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Sellafield partly closed after 'above normal' radiation

  1. Jan 31, 2014 #1

    Bandit127

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    http://www.bbc.co.uk/news/uk-england-cumbria-25975785

    They have/had "above normal levels" at a perimeter detector. As far as I know this would detect airborne radiation. And presumably at far lower levels than the source.

    "A spokesman stressed there was no risk to the public or workforce." Really? So they tell all non essential people to stay home on a whim? That is not a reaction to no risk. It is a reaction to some risk.

    Am I adding two twos and getting five to think that there is a significant leak somewhere within the plant. (By significant I mean a release that is a result of a failure of three safety systems - defense in depth usually means three layers of safety systems).

    Perhaps I am just bitching about a spokesman who thinks we are stupid and doesn't mind stretching the truth.
     
  2. jcsd
  3. Jan 31, 2014 #2

    QuantumPion

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    Did you even read the second sentence of the article?

    "The company later said it was naturally occurring background radiation and not attributable to any issue or problem with any operation on site."

    "Rory O'Neill, director of stakeholder relations, said: "One of the 20-odd site perimeter monitors that we have is registering above normal levels of radiation."

    "Overnight the monitoring system initially indicated elevated levels of activity. Following investigation and analysis, we can now confirm these levels to be naturally occurring background radon."

    "Day personnel, agency staff and contractors have been told to stay at home until Monday."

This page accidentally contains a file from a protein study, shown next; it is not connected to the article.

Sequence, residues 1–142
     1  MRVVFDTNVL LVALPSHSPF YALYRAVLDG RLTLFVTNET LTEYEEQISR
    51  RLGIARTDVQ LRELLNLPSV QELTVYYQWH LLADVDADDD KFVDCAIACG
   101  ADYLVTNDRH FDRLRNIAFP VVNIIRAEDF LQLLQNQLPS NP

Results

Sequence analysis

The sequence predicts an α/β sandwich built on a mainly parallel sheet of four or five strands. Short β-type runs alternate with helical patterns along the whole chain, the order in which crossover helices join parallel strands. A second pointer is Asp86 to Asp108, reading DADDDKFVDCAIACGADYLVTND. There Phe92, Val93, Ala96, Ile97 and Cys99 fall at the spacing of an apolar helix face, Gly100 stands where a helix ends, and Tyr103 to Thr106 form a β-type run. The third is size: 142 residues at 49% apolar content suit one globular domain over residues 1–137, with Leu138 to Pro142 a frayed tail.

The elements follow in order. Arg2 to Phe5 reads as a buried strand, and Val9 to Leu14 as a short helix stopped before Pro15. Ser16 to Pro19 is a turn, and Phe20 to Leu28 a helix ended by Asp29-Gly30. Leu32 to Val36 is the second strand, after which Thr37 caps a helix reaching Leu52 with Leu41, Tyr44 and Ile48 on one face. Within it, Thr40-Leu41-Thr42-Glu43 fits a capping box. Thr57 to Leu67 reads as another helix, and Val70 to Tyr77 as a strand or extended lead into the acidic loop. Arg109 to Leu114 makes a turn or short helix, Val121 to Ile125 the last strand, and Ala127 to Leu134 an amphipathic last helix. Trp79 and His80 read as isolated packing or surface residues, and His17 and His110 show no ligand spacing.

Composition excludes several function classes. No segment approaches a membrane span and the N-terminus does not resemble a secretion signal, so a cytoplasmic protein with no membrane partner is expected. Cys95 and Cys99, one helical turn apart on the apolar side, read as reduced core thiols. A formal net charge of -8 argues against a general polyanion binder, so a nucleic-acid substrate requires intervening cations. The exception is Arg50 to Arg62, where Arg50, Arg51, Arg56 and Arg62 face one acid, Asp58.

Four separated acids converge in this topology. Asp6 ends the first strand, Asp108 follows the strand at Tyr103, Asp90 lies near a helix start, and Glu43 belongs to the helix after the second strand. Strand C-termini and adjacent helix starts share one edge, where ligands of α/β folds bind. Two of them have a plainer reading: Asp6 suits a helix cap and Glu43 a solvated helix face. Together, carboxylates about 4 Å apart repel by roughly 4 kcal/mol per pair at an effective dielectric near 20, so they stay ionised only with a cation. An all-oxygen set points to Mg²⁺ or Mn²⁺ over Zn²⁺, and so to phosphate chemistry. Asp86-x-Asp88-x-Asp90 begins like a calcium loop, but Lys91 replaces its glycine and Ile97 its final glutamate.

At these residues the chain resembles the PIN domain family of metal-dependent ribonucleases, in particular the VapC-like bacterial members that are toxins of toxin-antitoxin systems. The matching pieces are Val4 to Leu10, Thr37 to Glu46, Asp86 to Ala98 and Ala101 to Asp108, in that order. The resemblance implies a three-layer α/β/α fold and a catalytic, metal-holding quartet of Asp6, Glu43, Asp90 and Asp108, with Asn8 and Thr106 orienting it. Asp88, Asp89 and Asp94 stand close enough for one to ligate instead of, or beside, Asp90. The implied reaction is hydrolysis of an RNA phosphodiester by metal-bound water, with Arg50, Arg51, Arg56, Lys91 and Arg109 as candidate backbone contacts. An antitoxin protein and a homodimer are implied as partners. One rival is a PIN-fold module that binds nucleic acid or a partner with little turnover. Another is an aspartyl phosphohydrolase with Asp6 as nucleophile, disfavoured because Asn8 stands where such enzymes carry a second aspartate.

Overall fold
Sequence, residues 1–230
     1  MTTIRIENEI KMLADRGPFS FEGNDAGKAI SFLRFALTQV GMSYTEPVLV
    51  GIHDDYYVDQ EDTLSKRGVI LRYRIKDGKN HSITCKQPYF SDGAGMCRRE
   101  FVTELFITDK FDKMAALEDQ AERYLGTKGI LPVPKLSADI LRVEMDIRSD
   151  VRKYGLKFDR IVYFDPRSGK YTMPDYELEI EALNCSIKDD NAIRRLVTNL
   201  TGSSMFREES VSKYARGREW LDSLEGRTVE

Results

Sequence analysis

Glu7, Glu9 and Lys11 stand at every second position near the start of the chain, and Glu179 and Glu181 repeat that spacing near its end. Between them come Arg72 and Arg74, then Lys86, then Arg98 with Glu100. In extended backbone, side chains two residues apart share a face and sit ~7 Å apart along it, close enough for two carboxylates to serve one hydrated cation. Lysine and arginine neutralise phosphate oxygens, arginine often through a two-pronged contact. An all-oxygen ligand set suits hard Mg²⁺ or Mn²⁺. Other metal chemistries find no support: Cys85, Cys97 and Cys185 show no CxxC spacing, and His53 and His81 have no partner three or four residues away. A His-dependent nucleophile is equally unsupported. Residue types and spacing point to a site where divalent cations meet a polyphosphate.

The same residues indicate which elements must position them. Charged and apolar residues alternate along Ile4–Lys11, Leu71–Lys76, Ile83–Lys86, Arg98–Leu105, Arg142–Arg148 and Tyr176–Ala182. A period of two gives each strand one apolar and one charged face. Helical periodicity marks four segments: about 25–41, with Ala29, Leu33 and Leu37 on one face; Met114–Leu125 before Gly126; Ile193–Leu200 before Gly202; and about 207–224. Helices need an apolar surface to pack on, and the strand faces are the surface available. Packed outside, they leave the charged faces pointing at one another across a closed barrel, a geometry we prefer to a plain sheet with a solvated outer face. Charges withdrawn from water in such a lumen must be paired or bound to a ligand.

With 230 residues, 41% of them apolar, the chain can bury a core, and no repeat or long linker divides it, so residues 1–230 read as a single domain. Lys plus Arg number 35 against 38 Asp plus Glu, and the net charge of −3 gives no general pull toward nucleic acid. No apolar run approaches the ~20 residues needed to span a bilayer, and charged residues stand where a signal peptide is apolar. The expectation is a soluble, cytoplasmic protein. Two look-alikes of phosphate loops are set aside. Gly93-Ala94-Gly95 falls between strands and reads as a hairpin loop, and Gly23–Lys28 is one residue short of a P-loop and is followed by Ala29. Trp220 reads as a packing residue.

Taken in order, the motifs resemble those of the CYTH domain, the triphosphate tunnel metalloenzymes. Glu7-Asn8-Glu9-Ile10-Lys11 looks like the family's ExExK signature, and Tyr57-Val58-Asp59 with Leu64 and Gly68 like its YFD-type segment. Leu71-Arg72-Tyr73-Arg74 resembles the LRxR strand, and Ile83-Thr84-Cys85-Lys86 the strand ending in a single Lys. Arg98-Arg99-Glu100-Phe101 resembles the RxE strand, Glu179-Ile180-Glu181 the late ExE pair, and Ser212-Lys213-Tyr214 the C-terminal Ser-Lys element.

I presume the reason why day workers were sent home today (a Friday) and told not to report back until Monday was because... it's the weekend.

    The article borders on the absurd in terms of trying to cause panic over absolutely nothing.
     
  4. Jan 31, 2014 #3

    Bandit127

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    I read the whole article in detail at about 10:00 this morning and they hadn't attributed it to naturally occurring radiation at the time. It has been updated since - I should have checked before I posted the link.

    Thanks.
     
  5. Jan 31, 2014 #4
    One thing I have a question on, is what percentage of workers called off had rad-worker type qualifications?

    If there is an indication of an issue on-site, all non-qualified rad-workers are not allowed to show up. So if they did the call off, and it was mostly non-rad-workers, that would make a LOT of sense.
     
  6. Feb 7, 2014 #5

    etudiant

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    A belated comment.
    Does it not surprise that 'naturally occurring background radon' would manifest for the first time at one site after more than 60 years of monitoring? Seems implausible to me.
     
  7. Feb 7, 2014 #6
    I don't think it's the first time, it's probably just the first time we've heard about it.

    The plant's I've worked in get radon spikes from time to time. It's particularly bad if you have a combination of ventilation issues combined with very cold/dry temperatures. Normally equipment can discriminate radon by looking at the energies and/or the alpha-beta ratio, however with enough radon concentration many radiation detectors will disable their radon disciminator function. I've lost clothing before to false radon alarms because I had too high of a concentration on me (had to go get them a day later when enough decayed).

    Just my thoughts.
     
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